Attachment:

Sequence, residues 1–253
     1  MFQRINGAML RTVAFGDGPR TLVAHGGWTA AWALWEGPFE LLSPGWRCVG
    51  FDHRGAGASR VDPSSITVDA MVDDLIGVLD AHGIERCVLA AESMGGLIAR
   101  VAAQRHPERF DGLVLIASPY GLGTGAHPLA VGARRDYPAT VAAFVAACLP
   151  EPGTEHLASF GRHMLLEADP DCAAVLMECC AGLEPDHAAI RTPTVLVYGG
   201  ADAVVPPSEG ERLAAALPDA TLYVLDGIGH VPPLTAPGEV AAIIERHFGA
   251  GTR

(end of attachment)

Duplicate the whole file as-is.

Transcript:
Sequence, residues 1–253
     1  MFQRINGAML RTVAFGDGPR TLVAHGGWTA AWALWEGPFE LLSPGWRCVG
    51  FDHRGAGASR VDPSSITVDA MVDDLIGVLD AHGIERCVLA AESMGGLIAR
   101  VAAQRHPERF DGLVLIASPY GLGTGAHPLA VGARRDYPAT VAAFVAACLP
   151  EPGTEHLASF GRHMLLEADP DCAAVLMECC AGLEPDHAAI RTPTVLVYGG
   201  ADAVVPPSEG ERLAAALPDA TLYVLDGIGH VPPLTAPGEV AAIIERHFGA
   251  GTR